The World is Sneezing

By Ndue Ukaj

The world is sneezing

The world is sneezing in front of a virus
that has bound the earth and shakes it like a light toy.
People are panting like dogs after a long and aimless journey.
Everyone panting, and behind walls they compose a symphony of fear.
Ahead of us, more scary walls and glum news.
The planet - like a trembling heart - is shuttered
and is listening to lightning.
Tonight, the moon was beautiful but in the light of her face
I saw the troubled eyes of a weary world.
The day was sunny too.
I was sitting in the back seat of a car
snaking through silence and fear
and I saw nature breathing without humans.
The clockwise are slow now.
Girls take their time getting out of their pajamas.
Women say their rosaries for new time.
And men like me are terrified in front of the black glass.
(Also terrified are those who sit in huge castles and on high thrones.)
Beyond is silence like a raging ocean
where ships drown with longing -
and prisoners see Eden burning.
The clockwise move slowly now.
The news spreads fear faster than the virus.
One counts the hours of life ahead
and sees the final destination - death.
Younger ones pant like tired dogs
and put out cigarettes in their burning hands.
Children fill sacks with toys
and, confused, wait for a new day.
But there are also those who don´t need clocks and calendars:
that old man sitting under his beloved tree,
doctors who fight to save more lives.
Groups of reporters roam, like the wind that warns of worsening weather.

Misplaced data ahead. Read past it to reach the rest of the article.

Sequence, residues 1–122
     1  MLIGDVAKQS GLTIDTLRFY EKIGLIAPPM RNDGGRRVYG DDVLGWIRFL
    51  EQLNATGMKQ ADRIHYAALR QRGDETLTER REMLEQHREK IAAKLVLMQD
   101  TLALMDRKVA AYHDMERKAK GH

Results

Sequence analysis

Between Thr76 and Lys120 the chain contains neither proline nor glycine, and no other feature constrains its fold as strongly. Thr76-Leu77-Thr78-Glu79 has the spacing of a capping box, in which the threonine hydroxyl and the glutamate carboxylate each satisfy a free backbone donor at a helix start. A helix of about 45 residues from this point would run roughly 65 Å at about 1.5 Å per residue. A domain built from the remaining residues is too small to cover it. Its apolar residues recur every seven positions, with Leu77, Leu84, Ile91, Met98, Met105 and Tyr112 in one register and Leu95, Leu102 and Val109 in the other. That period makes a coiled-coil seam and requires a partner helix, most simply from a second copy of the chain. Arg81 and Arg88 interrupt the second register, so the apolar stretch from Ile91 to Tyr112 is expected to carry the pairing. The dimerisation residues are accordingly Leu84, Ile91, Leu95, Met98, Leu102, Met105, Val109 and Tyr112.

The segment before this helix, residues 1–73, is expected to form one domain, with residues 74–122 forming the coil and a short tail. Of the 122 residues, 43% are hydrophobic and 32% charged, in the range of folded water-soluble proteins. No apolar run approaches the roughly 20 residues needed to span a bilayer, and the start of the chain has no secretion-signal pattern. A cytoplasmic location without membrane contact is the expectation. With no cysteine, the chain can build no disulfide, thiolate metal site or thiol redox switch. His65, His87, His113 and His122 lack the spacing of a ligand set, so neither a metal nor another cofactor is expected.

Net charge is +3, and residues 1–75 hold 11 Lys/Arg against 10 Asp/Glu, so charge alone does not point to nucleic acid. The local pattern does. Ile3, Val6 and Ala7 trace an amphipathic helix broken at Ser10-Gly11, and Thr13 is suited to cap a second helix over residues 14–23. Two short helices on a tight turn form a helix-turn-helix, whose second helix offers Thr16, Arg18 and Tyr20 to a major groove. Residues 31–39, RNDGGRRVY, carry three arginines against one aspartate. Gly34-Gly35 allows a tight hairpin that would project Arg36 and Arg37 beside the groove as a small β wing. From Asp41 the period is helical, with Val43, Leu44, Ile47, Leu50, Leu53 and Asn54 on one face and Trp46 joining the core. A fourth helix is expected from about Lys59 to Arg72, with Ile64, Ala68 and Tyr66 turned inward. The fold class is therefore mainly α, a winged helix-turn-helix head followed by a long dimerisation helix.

Bad news is growing they say
because some people have closed their windows on good news.

The media is full of sadnesses
and troubling reports
overflowing with viruses and microbes.
Humanity sneezes anxiously.
In this long night of frightening darkness.
I sit in the back seat and watch the evil hearted sneeze
but also hear kindhearted voices confessing on the altar of forgiveness.
But when the cathedral bells ring
everyone turns their eyes to heaven.
They sneeze again and pant,
and pray that tomorrow the world will get better
and celebrate a great mass of love.

Laura’s Sunday

In her city there is a ruined cathedral
in the midst of ruins
its choir is missing
and there is an “Ave Maria” song.
On the road edges, stones relieve pain
only the choir traces are together with dry
flower bouquets
There are many dogs, and trash

There is a large piano without its proper place.
In her city there is a ruined cathedral
longing for bells’ sounds to awaken her
she wears a beautiful dress, whispers Ave Maria
in solitude.

She has a sweet voice, every Sunday she goes into the ruins, talks with stones,
with flowers that do not blossom easy
Through ruins
and wipes her happy eyes without trying the voice in a choir.
It is Sunday and her delighted eye is resting
She sings Ave Maria in solitude.
With an eraser of love she erases time’s invoice
which leaves behind
while gathering her hands over her pretty breasts,
in silence opens the new page
and writes a senseless verse.
It is Sunday
she is awakened while dreaming a love temple
and song sounds.
Ave Maria is alive!
and waits for nature to become prettier,
the same as a flower is prettier with all its beauty,
and to join the choir of life.
She walks over the ruins of the cathedral and lights a candle
her pretty knees touch the solid stones.

Ndue Ukaj (1977) is an Albanian writer, publicist and literary critic.
His poems has been included in several anthologies of poetry, in Albanian, and other languages. He has published several books, including Godo is not coming, which won the national award for best book of poetry published in 2010 in Kosovo. He has also won the award for best poems in the International Poetry Festival in Macedonia and another prize. His poems and texts are translated into English, Spanish, Italian, Romanian, Finnish, Swedish, Turkish and Chinese. Ukaj is member of Swedish PEN.

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